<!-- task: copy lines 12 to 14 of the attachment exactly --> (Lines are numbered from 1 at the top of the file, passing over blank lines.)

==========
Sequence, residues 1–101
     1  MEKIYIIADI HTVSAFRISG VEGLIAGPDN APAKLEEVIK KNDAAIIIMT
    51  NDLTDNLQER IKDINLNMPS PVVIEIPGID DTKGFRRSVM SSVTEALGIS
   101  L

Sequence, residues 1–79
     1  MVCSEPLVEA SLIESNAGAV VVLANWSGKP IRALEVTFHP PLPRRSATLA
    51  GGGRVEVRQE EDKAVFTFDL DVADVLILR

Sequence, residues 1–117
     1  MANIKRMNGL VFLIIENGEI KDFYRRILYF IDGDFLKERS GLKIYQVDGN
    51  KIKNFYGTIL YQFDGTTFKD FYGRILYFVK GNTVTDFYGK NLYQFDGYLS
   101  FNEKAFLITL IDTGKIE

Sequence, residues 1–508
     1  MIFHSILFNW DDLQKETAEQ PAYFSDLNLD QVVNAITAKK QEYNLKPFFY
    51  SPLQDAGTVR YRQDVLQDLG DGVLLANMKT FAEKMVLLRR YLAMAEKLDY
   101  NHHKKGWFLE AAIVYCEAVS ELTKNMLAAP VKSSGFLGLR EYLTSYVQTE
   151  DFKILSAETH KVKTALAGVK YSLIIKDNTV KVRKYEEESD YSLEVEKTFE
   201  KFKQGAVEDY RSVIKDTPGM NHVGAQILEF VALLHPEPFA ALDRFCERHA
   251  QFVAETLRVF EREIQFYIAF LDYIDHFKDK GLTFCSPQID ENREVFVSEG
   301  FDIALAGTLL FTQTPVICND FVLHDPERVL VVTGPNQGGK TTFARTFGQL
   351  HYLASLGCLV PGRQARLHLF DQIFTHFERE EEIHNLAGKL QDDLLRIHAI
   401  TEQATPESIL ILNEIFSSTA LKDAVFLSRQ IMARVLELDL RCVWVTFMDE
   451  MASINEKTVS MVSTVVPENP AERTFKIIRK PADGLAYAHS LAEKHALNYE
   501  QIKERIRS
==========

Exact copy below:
Sequence, residues 1–508
     1  MIFHSILFNW DDLQKETAEQ PAYFSDLNLD QVVNAITAKK QEYNLKPFFY
    51  SPLQDAGTVR YRQDVLQDLG DGVLLANMKT FAEKMVLLRR YLAMAEKLDY